Henry wary of wounded Aussies
Wellington - All Blacks coach Graham Henry said on Tuesday he expected the Wallabies to throw everything at New Zealand in Hong Kong this month in a desperate bid to end a record losing run against their arch-rivals.
VIDEO: Henry talks up SBW
New Zealand have won their past 10 encounters with Australia, including three dramatic wins to secure this year's Bledisloe Cup, and Henry said he could sense the Wallabies' hunger for revenge in the fourth tie on October 30.
"There's never any dead rubbers between the All Blacks and the Wallabies, they're always big games," he told reporters.
"We have had a good winning run against the Wallabies but they have a huge desire to knock us off and you can see that in their eyes. It's going to be a hell of a big Test match."
In a match that Australian Rugby Union chief executive John O'Neill has described as a likely preview of next year's World Cup final, Henry said New Zealand wanted to make a statement and extend their recent dominance.
"Ten games goes back to 2008, it's a long time," he said. "What you can say at some stage they are going to win, we just hope it is not any time soon."
Australia's young side almost made the breakthrough in Sydney last month, going down 23-22 in a last gasp defeat that left Wallabies' fans complaining of a psychological barrier against the vastly experienced New Zealanders.
"That talk hasn't come from us," Henry said. "It's come from the Wallaby camp I think. We just need to get up there and do the business."
In a major boost for New Zealand, Henry said star flyhalf Dan Carter was likely to start in Hong Kong after two months on the sidelines following ankle surgery.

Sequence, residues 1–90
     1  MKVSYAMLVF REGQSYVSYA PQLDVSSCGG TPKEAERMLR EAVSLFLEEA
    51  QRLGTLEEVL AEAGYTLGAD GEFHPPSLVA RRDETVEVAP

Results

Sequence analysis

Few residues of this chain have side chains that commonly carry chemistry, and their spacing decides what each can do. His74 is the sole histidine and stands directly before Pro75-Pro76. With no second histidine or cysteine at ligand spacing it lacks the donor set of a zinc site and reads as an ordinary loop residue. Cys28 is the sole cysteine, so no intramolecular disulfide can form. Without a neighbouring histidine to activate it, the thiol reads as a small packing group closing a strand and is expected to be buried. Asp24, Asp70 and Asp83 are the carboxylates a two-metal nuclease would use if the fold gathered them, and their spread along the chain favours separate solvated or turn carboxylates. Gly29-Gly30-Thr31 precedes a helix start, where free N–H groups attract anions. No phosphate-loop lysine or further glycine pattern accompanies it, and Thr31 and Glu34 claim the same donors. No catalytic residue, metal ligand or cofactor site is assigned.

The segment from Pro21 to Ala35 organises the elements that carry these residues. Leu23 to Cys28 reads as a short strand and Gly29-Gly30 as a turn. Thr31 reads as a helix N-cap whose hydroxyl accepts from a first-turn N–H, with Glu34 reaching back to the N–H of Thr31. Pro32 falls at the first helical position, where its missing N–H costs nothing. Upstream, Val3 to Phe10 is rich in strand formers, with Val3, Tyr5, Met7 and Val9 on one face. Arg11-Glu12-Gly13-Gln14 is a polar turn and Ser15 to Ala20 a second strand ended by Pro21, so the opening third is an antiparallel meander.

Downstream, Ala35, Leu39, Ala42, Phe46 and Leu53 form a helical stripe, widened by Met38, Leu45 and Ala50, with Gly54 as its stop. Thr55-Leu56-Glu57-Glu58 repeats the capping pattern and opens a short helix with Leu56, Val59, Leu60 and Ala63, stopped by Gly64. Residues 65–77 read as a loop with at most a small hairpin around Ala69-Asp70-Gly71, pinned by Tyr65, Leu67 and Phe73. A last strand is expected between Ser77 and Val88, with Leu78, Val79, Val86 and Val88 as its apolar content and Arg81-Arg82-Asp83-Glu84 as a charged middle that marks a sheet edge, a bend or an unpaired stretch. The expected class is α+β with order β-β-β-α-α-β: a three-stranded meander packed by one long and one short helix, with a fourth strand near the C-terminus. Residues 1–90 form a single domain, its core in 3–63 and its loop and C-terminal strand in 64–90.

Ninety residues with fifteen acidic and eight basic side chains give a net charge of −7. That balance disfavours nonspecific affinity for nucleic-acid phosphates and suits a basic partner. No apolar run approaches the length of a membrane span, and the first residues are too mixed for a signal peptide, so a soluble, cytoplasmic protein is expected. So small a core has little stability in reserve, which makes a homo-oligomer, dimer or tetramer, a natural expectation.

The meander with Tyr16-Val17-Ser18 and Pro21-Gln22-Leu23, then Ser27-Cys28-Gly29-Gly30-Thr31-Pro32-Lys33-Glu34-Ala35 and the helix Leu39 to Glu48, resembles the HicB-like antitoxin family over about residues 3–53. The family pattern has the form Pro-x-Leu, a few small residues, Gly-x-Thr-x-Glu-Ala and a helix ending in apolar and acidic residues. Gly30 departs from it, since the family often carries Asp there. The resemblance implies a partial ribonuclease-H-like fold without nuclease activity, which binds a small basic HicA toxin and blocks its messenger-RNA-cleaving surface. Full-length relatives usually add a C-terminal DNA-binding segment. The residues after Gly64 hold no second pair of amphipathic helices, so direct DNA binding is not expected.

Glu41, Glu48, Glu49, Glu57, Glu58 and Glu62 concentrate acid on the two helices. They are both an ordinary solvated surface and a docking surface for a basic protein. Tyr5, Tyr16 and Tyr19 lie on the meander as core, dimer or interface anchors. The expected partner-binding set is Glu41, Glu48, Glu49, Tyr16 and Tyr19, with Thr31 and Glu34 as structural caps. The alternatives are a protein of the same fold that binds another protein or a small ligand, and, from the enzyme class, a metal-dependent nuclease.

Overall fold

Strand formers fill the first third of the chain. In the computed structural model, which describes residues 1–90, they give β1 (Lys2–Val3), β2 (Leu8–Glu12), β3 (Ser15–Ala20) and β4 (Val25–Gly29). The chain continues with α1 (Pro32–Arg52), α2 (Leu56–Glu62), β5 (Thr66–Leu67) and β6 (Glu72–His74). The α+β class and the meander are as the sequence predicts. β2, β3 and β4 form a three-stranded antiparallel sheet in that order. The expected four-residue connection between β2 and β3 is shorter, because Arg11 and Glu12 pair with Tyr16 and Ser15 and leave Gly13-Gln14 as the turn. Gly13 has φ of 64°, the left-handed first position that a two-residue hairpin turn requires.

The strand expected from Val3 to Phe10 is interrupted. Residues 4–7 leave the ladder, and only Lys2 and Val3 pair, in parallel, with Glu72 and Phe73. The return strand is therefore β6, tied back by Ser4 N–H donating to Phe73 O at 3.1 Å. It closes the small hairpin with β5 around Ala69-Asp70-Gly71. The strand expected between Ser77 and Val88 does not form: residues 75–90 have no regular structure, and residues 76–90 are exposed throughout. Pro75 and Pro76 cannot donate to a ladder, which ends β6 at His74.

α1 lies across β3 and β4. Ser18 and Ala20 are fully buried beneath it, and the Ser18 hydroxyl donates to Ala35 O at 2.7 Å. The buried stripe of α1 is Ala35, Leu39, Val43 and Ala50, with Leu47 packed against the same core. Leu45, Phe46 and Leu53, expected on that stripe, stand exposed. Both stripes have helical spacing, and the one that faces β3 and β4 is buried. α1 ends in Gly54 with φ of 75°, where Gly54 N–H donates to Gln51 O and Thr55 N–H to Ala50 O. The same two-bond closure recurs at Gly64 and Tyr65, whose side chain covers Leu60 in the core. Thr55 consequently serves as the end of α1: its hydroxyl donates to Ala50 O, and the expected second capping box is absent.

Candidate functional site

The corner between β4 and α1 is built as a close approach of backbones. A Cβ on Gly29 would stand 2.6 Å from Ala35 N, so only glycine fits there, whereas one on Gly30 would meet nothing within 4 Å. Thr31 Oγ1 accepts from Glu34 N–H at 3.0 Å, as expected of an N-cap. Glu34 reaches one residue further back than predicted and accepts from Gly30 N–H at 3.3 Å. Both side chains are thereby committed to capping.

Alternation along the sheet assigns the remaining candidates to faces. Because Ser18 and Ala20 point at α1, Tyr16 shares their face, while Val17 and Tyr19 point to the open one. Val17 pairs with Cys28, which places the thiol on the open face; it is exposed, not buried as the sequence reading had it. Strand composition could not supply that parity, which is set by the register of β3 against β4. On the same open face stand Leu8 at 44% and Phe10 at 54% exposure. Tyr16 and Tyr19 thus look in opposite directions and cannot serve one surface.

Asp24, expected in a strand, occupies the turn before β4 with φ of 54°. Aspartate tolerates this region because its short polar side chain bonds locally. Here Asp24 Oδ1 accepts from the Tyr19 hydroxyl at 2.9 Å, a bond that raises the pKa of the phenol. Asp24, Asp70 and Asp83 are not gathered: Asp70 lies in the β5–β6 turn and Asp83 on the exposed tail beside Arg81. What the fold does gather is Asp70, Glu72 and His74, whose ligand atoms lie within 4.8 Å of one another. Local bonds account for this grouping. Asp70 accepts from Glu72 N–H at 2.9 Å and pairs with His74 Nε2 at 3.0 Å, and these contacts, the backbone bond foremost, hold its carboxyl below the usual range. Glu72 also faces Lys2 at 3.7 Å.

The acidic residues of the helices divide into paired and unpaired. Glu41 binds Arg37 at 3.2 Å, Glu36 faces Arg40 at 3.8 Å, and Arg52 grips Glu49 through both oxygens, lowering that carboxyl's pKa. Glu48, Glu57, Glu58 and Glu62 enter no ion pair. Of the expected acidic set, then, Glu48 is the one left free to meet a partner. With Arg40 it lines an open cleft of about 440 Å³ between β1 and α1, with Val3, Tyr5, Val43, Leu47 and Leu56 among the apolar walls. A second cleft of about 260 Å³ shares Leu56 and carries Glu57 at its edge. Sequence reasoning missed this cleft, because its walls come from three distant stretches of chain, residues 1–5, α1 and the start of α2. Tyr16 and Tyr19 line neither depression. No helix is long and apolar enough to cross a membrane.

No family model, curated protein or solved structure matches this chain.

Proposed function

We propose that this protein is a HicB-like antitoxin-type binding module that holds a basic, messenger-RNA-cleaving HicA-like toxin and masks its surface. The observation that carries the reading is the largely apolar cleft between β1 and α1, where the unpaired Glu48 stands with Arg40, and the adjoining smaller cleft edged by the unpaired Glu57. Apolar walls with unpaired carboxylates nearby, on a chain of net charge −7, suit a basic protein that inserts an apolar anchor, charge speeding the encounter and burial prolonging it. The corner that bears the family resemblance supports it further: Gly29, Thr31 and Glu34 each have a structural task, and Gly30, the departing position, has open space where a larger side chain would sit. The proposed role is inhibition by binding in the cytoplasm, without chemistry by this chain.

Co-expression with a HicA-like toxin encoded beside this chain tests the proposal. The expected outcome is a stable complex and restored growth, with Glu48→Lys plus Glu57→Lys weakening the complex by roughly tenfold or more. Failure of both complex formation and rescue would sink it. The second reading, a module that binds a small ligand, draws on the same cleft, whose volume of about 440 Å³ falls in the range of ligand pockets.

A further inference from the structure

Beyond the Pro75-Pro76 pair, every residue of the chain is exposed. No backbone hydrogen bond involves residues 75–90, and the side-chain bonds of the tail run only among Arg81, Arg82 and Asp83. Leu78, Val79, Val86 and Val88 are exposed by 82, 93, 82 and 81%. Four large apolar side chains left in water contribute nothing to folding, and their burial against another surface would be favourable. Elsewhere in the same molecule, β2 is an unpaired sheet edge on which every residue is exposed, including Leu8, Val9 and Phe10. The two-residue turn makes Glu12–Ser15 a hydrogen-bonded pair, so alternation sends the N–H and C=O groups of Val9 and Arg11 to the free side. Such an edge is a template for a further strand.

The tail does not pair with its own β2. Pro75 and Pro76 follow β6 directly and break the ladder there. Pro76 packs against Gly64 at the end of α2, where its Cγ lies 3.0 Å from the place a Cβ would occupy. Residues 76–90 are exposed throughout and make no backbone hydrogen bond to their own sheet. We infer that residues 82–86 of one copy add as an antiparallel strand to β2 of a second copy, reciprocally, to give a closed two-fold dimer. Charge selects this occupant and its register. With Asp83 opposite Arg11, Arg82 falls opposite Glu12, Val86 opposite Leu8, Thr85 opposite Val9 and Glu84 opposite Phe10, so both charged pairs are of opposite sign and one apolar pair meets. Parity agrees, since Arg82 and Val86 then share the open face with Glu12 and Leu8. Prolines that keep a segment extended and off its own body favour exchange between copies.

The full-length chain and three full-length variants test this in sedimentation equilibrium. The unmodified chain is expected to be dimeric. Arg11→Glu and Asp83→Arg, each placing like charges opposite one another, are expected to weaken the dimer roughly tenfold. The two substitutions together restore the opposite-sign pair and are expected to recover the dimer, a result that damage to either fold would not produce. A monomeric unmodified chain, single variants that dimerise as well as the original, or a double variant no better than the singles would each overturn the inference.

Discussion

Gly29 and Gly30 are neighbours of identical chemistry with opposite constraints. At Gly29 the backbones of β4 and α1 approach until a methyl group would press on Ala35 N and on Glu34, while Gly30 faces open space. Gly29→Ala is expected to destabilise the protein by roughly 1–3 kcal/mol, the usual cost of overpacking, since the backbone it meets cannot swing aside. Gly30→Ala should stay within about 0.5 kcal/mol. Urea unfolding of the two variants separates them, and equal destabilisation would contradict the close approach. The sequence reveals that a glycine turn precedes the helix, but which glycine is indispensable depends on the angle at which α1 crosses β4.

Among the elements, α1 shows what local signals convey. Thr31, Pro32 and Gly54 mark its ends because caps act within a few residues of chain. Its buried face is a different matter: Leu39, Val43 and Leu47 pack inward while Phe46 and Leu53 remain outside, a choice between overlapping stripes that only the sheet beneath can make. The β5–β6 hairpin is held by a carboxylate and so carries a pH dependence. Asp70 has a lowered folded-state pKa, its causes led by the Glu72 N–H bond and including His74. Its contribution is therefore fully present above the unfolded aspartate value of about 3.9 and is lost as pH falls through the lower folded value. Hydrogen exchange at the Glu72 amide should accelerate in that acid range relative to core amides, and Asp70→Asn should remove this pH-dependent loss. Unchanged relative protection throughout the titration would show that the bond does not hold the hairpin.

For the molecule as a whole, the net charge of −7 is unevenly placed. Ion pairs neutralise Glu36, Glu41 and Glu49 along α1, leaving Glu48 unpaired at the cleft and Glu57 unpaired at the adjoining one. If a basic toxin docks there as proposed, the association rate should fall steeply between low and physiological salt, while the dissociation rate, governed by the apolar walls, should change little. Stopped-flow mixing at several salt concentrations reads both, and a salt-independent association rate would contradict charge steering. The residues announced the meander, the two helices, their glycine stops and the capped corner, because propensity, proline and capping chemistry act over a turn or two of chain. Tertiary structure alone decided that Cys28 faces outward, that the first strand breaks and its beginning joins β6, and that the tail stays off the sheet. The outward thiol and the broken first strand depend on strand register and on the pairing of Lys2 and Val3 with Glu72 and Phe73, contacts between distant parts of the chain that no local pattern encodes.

"We're hopeful, he's making positive progress," the coach said.
He will also have the option of throwing rugby league convert Sonny Bill Williams into the fray after fast-tracking the giant back's entry into the All Blacks after just a few games playing provincial rugby in New Zealand.
"He's a big person, he's obviously very strong, he's got the ability to offload well in a contact situation, so he might add an extra dimension there," he said.
After sweeping all before them this year, New Zealand have inevitably faced questions about whether they are peaking too early for the World Cup, after transforming from favourite to flop in the past three tournaments.
Henry said there would be no repeat of the 2007 order to rest players from the Super 14 tournament that was blamed for key players appearing ill prepared at the last World Cup.
With the Bledisloe Cup already decided, ticket sales for the Hong Kong game have been sluggish, although organisers are hoping for a last-minute rush of interest.
Henry said the All Blacks were intent on putting on a show for those who do turn up.
"I hope that we can play a style that we are pleased about and that people enjoy the spectacle," he said.